Is footprint still important for embedded devices?
Footprint, or the amount of memory your software use, has traditionally been a big deal for embedded devices. But nowadays, with RAM and flash memory cost being a fraction of what it used to be, surely footprint is a non-issue? Just throw in more memory. It's cheap, right?
Well, not so fast there Mr. (or Mrs.)
Call me old-school, but I believe that footprint is still a huge issue in many devices (not all, but many), and I'll tell you why.
When I got started doing serious (or not so serious) programming, my machine of choice was a TRS-80, also called Trash-80 by the Pet/Commodore/Apple crowd. Well, I actually didn't have a choice since this was the machine my father brought home, being a gadget freak. We are talking late 70's here and the system I used had a whopping 4KB of RAM, quickly upgraded to 16KB. The programming language (after a quick stint of MS Basic) was Z80 assembly language. With that kind of constrained environment, you develop a 6th sense of solving your programming problems in the simplest way possible, using as little code and data as you possibly can. I am mentioning this not only to show off my age, but also to put things into perspective.
In the PC/Workstation/Enterprise markets, footprint is clearly not the top criteria when developing software. Just compare the footprint of Office 97 to Office 2003. We are talking about at least a five X increase in space needed. This is not really a huge problem since the disk and RAM sizes on your average PC have increased at least as much.
But things are different in the embedded world. I'll give you three reasons for why footprint matters, but I am sure there are more:
- The cost of memory is more important in a device compared to a PC
Even though memory in the long run is getting much cheaper, so are other components too, and at the end of the day every dollar you save in hardware cost translates to profit when you sell thousands or millions of fairly cheap devices.
- Power consumption
More memory use more power. Anybody who has cursed when their Windows Mobile device dies before the end of one day's use know why this is important. It is not just the amount of total memory you have in the device, it is also the amount of powered memory at any given instance. Smart devices turn off the memory they don't use.
- Boot time
Many devices, like digital cameras, need to boot really fast. On many systems, a big chunk of the boot time is to copy the software from a flash memory into a RAM memory. The smaller the code is, the faster it boots.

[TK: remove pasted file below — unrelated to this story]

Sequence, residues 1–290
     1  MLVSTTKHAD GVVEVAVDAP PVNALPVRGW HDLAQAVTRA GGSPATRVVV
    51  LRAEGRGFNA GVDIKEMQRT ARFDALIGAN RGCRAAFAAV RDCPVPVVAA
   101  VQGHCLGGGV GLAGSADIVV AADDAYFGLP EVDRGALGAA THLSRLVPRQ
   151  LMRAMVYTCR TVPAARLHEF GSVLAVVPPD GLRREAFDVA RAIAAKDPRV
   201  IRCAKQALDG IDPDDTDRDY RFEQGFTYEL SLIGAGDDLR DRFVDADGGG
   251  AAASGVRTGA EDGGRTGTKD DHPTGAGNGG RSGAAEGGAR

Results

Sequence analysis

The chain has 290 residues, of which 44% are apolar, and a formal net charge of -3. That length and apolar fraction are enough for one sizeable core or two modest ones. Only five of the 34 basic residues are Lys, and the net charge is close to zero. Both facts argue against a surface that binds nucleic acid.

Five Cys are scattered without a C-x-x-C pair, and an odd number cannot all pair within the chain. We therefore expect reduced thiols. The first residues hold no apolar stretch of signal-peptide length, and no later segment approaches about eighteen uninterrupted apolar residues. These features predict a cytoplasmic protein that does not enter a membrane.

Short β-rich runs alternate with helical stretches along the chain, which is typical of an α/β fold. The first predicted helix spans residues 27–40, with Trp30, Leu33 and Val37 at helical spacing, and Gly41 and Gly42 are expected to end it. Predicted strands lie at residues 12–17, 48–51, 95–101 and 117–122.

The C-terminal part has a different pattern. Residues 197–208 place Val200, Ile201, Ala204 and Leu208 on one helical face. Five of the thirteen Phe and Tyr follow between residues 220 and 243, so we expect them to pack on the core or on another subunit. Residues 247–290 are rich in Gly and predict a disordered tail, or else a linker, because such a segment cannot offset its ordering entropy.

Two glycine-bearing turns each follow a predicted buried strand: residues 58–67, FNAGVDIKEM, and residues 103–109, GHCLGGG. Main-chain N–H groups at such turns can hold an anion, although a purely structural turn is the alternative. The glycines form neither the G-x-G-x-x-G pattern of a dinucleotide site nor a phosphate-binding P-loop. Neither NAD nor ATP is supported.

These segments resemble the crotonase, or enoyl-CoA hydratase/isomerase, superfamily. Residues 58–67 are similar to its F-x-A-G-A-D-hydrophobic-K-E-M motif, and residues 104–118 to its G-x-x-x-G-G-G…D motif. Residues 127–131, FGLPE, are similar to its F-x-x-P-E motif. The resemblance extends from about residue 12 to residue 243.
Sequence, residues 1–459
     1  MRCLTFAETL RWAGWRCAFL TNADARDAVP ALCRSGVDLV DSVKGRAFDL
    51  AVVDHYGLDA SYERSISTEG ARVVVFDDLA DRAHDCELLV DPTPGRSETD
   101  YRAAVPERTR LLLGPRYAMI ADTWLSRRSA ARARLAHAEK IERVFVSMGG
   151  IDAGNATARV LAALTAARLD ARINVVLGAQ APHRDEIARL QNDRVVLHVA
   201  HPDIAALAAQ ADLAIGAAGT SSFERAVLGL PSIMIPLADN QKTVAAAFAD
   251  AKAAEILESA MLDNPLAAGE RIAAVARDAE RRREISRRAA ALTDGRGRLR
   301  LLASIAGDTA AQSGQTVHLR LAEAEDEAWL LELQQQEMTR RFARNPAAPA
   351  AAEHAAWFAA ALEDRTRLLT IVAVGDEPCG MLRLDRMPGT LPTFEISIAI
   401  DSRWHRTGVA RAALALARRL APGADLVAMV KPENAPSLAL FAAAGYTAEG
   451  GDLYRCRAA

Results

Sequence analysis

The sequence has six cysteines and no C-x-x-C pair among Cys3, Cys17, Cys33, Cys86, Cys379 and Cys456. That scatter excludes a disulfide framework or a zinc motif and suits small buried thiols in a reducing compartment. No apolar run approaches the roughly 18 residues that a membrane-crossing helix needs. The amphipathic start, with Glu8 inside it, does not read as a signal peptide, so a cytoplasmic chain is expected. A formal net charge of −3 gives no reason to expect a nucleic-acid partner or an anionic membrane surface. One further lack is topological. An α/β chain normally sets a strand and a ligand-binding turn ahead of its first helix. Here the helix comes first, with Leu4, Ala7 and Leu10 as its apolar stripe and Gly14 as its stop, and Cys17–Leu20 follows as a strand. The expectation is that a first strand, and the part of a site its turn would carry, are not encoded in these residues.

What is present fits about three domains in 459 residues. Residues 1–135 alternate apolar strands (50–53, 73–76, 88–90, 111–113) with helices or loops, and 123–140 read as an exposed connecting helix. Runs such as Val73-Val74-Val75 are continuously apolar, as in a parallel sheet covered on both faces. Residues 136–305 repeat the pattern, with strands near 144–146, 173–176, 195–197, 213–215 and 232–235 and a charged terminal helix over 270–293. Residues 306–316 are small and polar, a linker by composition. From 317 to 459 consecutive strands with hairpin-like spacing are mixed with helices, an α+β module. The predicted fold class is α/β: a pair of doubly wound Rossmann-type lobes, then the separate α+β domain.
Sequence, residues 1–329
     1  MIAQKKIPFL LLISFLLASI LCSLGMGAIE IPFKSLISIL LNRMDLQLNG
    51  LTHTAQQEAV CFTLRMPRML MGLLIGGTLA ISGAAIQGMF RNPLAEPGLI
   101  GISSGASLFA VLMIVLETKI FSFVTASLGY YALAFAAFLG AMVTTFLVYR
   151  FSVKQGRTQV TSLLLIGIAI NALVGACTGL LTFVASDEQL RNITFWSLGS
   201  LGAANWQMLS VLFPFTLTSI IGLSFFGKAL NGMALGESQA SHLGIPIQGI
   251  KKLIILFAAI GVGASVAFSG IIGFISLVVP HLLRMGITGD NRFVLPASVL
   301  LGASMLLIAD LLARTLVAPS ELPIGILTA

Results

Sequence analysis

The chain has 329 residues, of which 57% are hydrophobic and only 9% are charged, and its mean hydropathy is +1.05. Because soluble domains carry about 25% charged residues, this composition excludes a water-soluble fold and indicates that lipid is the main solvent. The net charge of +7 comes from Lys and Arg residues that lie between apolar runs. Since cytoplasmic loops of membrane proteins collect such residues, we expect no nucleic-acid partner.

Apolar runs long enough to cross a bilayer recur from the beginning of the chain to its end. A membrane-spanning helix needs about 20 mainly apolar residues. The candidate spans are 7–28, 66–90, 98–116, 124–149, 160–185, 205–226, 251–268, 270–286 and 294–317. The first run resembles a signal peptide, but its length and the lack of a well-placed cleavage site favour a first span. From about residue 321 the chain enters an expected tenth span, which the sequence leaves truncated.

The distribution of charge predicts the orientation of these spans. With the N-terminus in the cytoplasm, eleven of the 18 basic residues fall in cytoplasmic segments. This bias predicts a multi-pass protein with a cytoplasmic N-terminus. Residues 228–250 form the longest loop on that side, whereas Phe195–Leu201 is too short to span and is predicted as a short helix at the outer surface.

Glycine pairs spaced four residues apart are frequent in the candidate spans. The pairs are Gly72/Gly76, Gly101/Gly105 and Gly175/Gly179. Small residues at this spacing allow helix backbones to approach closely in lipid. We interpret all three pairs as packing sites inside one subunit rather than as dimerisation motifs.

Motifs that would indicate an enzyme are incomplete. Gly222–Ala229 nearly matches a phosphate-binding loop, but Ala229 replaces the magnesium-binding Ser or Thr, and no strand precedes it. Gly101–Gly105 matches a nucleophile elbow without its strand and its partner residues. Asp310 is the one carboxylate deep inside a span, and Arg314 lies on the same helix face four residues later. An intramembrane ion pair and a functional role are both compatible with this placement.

OK, so maybe footprint is still important, but what can I do to keep the size down on my device?
Here are a few random tips. Sometimes code size is a trade-off against other things, like number of features, performance, ease of programming etc., but I find that keeping the code size down also tends to keep the complexity down, which is a good thing for quality.
- Choose a programming language that is optimized for code size
This is definitely a trade-off. Languages like C are excellent for footprint (you get what you expect) while Java would be at the other end of the spectrum. C++ is one of those languages that can be very effective if you know what you are doing, but I have seen so many examples of bloated C++ applications that I advise you to be careful. Read Stroustrup's (father of C++) insightful comments. In my mind (being a former compiler writer) C++ is a very complex language to write a compiler for and that translates into a lack of transparency when it comes to getting the code you expect. Don't use all the features of C++ just because you can.
- Choose a compiler that optimize for code size
Most compilers optimize for speed. That is one of the bigger differences of an embedded compiler, that it also looks at code size. For example, one of the reasons we compile VxWorks with the Wind River compiler (formerly known as Diab), is not only that the code runs about 10% faster, it also is about 10% smaller compared to the gcc compiler.
- Choose an operating system that can scale and only include what you need
This is a big difference between operating systems designed for devices (like VxWorks)compared to general purpose operating systems (like Linux). An RTOS (Real-Time OS) like VxWorks can almost be considered to be more of a library where you only get what you actually use into your code image.
But the most important way of achieving small footprint is to architect your code for simplicity and small size. This is easier said that done, especially when you are dealing with existing code.